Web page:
|Description This Divyadesam
is located in the coastal resort town and historic center Mamallapuram or Mahabalipuram,
at a distance of 64 km from Chennai. It is an ancient temple dating back to the Pallava
period, now thoroughly renovated. Also in Mahabalipuram are the famous Pallava relics of
the Shore Temple , the five Pandava Rathams, and the portrayal of the descent of the
Ganges. Tourist attractions in the vicinity of Mamallapuram include the Vedantangal bird
sanctuary and the Tirukkazhunkunram hill temple (Shivastalam).
The Tiruvidandai Divyadesam is
also located near Mamallapuram.
Mamallapuram is the birthplace of Bhootattalwar, one of
the earliest of the Alwars.
Deities: The Moolavar here is Stalasayana Perumaal in a reclining
posture facing east. An image of Pundarika Muni is also housed in the sanctum. Taayaar
here is Nilamangaittaayaar (in a separate sanctum). Utsavar here is Stalasayanatturaivaar
also known as Ulagyuua ninraan, portrayed bearing a lotus bud.. There are shrines to Andal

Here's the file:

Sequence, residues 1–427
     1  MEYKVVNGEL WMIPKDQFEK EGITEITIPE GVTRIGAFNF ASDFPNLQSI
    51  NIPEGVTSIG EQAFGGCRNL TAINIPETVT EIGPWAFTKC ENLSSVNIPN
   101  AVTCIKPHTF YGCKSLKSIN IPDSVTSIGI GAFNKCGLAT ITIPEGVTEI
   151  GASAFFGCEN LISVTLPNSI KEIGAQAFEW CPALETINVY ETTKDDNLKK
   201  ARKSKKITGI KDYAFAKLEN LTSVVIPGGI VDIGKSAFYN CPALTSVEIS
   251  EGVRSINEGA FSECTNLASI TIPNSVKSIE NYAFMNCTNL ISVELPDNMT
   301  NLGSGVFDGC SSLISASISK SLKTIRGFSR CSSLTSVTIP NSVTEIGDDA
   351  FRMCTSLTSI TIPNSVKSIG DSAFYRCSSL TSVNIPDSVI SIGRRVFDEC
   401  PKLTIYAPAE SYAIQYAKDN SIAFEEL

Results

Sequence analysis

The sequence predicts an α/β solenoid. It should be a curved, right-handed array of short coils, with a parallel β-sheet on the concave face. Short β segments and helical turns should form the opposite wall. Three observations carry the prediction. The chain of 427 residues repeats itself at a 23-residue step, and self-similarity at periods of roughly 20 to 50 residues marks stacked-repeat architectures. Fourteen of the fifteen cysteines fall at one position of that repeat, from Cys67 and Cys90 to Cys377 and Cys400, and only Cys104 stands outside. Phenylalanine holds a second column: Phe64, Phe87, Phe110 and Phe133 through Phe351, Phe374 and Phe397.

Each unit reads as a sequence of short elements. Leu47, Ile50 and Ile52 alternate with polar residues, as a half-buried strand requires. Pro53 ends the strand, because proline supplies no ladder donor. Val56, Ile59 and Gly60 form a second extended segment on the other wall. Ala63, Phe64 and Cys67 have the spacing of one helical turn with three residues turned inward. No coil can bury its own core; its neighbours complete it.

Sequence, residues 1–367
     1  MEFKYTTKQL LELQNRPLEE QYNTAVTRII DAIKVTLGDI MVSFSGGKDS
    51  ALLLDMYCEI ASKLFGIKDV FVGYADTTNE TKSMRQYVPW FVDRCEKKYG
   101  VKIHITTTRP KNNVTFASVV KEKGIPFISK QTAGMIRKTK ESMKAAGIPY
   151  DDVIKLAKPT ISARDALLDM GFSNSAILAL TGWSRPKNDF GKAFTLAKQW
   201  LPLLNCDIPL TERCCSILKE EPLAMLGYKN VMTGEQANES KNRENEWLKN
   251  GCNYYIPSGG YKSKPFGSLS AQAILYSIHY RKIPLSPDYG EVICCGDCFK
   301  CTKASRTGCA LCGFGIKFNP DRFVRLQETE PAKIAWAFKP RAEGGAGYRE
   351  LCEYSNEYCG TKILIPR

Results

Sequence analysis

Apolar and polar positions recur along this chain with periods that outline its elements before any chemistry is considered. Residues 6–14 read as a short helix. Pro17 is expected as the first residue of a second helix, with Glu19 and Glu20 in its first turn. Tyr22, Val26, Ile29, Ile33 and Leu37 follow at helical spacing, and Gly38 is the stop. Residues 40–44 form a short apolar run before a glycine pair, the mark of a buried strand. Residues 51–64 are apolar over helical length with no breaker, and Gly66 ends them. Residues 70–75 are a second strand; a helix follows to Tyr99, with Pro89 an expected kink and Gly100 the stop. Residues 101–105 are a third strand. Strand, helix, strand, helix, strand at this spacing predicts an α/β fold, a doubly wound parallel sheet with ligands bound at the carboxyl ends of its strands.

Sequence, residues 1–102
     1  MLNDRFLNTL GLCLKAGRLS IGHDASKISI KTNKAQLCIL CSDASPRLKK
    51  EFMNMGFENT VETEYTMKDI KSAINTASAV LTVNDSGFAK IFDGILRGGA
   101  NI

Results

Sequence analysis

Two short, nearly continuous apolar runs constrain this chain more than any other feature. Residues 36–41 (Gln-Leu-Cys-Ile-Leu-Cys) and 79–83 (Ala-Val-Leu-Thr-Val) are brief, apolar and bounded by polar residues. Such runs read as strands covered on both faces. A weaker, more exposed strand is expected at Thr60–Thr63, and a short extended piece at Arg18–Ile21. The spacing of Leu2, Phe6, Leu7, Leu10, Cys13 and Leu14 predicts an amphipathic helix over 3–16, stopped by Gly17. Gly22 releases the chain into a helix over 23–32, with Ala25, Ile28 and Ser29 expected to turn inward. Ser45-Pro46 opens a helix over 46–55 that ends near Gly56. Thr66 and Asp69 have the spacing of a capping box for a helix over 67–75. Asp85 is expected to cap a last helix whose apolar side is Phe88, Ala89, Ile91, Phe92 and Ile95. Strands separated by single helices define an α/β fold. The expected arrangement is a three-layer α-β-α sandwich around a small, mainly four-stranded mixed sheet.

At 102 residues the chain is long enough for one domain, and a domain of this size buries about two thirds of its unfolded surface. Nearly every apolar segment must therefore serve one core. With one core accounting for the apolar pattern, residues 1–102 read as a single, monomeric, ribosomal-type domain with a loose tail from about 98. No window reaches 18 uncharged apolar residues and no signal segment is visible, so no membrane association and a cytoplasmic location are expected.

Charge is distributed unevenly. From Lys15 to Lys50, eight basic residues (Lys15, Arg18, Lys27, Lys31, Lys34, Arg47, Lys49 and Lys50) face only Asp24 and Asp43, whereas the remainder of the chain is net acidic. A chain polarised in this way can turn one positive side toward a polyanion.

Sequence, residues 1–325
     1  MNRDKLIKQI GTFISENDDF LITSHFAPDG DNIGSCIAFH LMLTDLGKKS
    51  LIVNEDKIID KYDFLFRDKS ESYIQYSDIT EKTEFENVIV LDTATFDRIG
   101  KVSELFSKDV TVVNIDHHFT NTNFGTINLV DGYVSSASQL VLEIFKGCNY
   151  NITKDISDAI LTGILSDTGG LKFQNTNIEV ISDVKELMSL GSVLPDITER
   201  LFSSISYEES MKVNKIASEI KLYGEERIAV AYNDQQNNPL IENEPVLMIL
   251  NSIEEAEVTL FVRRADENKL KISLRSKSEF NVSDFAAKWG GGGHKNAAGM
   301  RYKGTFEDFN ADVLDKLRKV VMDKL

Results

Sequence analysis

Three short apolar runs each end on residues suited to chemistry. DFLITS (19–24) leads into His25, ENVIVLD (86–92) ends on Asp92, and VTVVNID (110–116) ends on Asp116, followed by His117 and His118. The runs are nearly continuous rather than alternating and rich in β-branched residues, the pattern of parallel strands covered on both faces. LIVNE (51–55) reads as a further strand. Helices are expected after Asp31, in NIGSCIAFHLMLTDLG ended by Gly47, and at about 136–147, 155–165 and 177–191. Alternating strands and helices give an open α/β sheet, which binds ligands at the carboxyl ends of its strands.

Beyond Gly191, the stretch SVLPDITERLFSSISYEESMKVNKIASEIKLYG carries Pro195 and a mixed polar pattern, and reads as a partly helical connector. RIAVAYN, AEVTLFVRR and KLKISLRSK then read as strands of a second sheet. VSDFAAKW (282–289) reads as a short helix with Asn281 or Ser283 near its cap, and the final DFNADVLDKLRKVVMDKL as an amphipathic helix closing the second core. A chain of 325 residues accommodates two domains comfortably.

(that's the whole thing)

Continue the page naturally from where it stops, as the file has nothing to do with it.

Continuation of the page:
and Rama also.
Legend has it that Pundarika Muni, armed with a basket laden with (taamarasa) flowers
proceeded eastward, to worship Vishnu as KsheeraptiNathan (the lord of the milky ocean);
in his devotional fervour, attempted to drain the waters of the ocean to reach his goal.
Vishnu appeared in front of him as an aged devotee and the devout rishi proceded to find a
means to feed him, and in the meanwhile, Vishnu provided him with a vision of the grand
Anantasayanam at the same spot, adorned with flowers from the saint's basket, and hence
the name Stalasayana Perumaal. Legend has it that one of the Pallava rulers here was
turned into a crocodile in the temple tank; upon gripping the leg of the blessed Pundarika
rishi, his curse is believed to have been lifted.
The Temple: The Telugu rulers of Chandragiri have provided for the
construction of this temple. This temple underwent renovation in the 19th century and it
covers an area of about 4 acres with a rajagopuram seen from a distance. This temple has
been referred to in the Sangam period tamil work Pattuppaattu.
Festivals: Two worship services are carried out each day. The annual
Maasi Magham festival sees thousands of devotees bathing in the sea nearby.